and I had no doubt that, yes, this year I would have a most perfect garden.  But then it occurred to me, I had thought the
same last year, and the year before, and for as far back as I could remember, but somehow every growing season had
been too wet, or too dry, or too hot, or perhaps a hard frost had come far later than expected … or the weeding had gotten
away from me … or I had been just a wee bit lazy.

I shook my head.  Bathed in sunshine and breathing in the heady aroma of my garden seeds, I had to smile.  I am an
optimist.  Yes, this is the year that I finally, really will have a most perfect garden.

April 1, 2018


One might think that twenty-four are enough.  Greg certainly does, but I curiously, do not.  Of some, I only have one, and of
others just a few.  And then there are those who are older, who stay close to the upper field, and retire early in the evening.  
I know that sometime, someday, I will find a still pile of pretty feathers that will no longer follow me clucking her way into my

One of my hens is the color of the deepest darkest night.  Her legs are a beautiful green, in stark contrast to her black
toenails.  She is a stunning bird, and lays the most perfect turquoise eggs.  I call her Shade.

Another sports bright orange plumage, except for her white tipped tail feathers.  She is a wonderfully independent bird, but
is also ever so sweet.  In the evenings, I often see her foraging way out in the orchard, all by herself, but as soon as she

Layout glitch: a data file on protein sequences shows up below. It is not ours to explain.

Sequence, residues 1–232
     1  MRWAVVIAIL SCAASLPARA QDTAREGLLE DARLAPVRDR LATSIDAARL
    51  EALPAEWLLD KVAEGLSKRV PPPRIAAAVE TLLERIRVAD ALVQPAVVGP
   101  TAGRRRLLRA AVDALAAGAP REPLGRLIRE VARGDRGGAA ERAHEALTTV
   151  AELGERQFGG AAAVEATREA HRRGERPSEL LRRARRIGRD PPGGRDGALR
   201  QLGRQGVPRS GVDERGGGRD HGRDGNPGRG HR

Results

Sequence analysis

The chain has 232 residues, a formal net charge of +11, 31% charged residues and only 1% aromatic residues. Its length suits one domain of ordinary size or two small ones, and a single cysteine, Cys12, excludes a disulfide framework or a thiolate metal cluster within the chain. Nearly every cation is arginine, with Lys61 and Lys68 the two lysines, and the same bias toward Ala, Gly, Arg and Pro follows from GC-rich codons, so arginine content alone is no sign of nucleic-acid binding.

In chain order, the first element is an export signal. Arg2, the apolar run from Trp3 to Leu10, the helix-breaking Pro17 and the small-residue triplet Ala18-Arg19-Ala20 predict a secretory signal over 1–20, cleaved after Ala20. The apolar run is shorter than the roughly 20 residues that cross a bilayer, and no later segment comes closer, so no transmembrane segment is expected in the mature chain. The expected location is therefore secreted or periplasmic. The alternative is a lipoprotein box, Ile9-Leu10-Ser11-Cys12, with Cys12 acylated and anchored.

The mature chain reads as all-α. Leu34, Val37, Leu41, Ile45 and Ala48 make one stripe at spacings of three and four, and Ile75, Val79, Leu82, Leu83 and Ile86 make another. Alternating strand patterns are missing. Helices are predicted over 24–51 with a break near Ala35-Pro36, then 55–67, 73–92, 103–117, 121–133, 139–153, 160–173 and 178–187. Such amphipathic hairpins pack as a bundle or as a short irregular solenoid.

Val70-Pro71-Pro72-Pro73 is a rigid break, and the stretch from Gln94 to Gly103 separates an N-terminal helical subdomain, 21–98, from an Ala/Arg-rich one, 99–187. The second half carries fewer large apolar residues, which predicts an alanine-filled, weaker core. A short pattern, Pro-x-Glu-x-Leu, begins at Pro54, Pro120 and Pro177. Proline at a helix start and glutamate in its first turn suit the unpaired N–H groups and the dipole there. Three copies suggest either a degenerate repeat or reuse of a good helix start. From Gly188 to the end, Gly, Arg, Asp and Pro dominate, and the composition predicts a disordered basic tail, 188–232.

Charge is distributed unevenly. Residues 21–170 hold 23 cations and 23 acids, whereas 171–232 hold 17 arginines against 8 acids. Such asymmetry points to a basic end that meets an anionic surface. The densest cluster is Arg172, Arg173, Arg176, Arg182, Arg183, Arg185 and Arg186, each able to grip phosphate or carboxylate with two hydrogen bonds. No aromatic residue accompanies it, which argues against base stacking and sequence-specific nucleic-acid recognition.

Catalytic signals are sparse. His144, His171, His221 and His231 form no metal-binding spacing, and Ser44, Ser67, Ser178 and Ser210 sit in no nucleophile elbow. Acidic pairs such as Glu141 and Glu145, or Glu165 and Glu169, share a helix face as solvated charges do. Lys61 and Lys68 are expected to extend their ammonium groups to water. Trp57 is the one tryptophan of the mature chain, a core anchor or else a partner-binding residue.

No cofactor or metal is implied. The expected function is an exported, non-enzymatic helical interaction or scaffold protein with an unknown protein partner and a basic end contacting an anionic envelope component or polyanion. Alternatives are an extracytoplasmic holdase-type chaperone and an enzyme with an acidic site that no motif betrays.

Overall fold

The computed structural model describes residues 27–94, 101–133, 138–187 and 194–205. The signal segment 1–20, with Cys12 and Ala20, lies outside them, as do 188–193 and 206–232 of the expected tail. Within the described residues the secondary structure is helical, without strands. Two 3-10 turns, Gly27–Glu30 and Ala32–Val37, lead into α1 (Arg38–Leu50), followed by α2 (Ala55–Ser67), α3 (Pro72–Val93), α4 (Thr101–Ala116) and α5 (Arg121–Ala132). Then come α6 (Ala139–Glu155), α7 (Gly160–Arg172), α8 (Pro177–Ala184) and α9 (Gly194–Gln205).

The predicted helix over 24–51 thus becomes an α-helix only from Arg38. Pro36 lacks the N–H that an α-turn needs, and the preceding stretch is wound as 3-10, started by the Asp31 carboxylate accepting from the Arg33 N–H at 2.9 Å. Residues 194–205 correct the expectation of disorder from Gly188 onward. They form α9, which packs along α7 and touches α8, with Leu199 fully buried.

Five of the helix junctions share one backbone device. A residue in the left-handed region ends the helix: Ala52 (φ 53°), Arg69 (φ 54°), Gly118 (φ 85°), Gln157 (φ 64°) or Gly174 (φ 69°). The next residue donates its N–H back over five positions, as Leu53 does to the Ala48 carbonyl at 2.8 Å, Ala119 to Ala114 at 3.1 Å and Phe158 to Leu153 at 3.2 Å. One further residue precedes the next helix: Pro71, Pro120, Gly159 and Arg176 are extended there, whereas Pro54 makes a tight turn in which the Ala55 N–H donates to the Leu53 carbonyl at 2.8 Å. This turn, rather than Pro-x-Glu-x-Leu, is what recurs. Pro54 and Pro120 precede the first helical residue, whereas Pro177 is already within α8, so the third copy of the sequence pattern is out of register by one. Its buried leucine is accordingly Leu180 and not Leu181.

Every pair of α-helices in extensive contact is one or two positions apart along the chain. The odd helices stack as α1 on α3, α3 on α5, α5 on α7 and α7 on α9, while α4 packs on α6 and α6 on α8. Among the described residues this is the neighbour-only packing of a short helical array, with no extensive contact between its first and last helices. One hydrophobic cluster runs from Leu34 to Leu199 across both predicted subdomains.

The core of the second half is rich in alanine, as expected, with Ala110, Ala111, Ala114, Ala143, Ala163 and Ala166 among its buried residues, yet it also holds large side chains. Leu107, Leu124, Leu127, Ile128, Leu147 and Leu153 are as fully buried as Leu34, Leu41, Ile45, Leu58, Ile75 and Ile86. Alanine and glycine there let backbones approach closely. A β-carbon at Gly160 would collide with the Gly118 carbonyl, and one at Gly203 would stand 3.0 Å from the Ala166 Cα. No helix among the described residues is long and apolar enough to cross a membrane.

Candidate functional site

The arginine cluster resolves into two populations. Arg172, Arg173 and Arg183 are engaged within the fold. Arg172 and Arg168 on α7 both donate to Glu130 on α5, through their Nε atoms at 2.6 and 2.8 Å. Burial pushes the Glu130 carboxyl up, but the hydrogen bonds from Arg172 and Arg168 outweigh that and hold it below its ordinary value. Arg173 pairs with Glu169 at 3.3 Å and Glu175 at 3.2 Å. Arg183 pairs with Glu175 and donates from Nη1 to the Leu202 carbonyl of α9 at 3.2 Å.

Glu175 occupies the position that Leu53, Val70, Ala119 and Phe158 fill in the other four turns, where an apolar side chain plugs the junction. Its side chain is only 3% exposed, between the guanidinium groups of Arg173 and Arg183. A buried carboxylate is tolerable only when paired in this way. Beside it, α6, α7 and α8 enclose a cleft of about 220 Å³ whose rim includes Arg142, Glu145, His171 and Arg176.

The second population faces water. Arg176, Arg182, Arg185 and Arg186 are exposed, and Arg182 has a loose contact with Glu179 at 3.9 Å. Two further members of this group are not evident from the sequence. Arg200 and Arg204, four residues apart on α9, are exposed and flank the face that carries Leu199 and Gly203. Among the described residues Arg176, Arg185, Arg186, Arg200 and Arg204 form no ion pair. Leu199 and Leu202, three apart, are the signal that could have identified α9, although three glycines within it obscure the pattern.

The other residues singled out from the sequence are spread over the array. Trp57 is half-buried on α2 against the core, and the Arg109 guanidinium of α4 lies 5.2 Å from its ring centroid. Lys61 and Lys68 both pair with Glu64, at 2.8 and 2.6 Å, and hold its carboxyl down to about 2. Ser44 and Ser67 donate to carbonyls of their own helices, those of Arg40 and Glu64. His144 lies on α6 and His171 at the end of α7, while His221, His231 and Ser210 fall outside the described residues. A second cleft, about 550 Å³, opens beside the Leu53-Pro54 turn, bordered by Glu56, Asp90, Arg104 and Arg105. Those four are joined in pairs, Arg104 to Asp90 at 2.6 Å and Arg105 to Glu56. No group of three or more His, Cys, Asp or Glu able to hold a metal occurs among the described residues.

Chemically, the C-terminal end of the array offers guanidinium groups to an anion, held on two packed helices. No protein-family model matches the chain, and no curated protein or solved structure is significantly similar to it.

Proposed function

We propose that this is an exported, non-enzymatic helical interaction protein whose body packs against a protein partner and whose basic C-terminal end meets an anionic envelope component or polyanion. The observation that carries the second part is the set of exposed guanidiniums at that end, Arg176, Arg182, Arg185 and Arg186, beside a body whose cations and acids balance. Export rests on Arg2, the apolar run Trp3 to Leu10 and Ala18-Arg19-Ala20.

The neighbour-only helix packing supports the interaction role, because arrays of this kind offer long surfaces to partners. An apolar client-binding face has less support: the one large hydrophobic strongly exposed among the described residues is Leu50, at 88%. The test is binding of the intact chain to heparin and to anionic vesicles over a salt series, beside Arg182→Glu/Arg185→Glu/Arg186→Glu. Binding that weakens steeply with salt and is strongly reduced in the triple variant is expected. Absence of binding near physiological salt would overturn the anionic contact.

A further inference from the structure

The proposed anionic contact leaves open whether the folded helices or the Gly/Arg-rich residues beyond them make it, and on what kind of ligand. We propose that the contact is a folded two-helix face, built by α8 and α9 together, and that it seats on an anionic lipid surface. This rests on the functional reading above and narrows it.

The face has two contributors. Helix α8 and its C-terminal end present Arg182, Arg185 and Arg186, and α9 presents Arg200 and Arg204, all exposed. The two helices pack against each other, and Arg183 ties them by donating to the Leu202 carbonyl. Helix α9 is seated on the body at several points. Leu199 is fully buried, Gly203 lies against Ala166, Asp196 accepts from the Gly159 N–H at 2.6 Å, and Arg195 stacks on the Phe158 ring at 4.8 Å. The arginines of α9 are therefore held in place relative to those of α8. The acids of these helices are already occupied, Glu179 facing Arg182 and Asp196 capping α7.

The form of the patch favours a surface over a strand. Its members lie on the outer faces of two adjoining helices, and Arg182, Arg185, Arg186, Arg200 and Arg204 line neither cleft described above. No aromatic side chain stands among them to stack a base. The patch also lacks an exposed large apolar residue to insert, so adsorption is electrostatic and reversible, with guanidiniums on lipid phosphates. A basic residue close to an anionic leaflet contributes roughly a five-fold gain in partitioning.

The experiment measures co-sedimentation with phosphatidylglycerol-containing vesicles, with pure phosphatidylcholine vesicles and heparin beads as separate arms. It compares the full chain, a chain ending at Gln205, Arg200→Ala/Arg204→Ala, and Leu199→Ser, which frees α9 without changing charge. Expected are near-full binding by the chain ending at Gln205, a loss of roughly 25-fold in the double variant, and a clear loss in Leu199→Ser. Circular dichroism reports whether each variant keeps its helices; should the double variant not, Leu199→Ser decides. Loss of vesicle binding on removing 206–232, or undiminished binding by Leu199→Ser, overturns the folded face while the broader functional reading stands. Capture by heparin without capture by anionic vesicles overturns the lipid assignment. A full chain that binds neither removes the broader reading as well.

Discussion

sees me, she runs toward me at what appears to be break chicken neck speed. Her shoulders puff out and her wings ever
so slightly leave her side.  She tucks her head low and literally skims across the ground, not stopping her headlong race
until she is right under my feet.  She looks up expectantly, head cocked to one side.  I reach into my pocket and bend down
to hand her a treat.  Her name is White Flag.

And then there is Peaches.  Yes, she is the soft color of the sweetest Florida peach, and her personality matches perfectly.  
Somehow, she always seems to know when I am outside, and much like a most trusted dog, she always stays right by my
side.  She follows me to my car if I am heading up to town.  She pecks at my shoes, as if asking to go along for the ride.  I
have to gently shoe her away before I carefully close the door, and even as I drive off, she follows along for a while, just in
case I have a change of heart.

There is one little hen who is decidedly smaller than the others.  She has a crooked beak, that makes it difficult for her to
eat, but she is a year old now, and with perseverance she seems to manage quite well.  As we scatter the scratch grain,
she shoulders her way through the flock, until she reaches deepest pile of grain, where she has learned that it is easier for
her pick up the treat.  She is my feisty little bird.  I call her Little Girl.

And then there is Big Foot.  We have had several roosters over the years, but never have we known one with such large
feet.   Each foot must span at least five inches.  Curiously, Big Foot seems to ignore me, but when Greg is out and about
Biggy pounds across the ground, chest puffed out, in a definite challenge.  Greg carries a stick.  Big Foot’s spurs look

Thankfully, all of our flock have survived this past, bitterly cold, winter, but I know that some of the hens are now too old to
lay.  Over time, I have watched as their eggs grow larger and larger, and then disappear.  I know that my trusted older
generation has simply stopped laying.  

So, I have ordered fifteen chicks, all different kinds, and all different colors.  I have readied the spare cattle trough and set it
up in the basement of our log home.  I have spread pine chips across the bottom, readied the waterer and filled the chick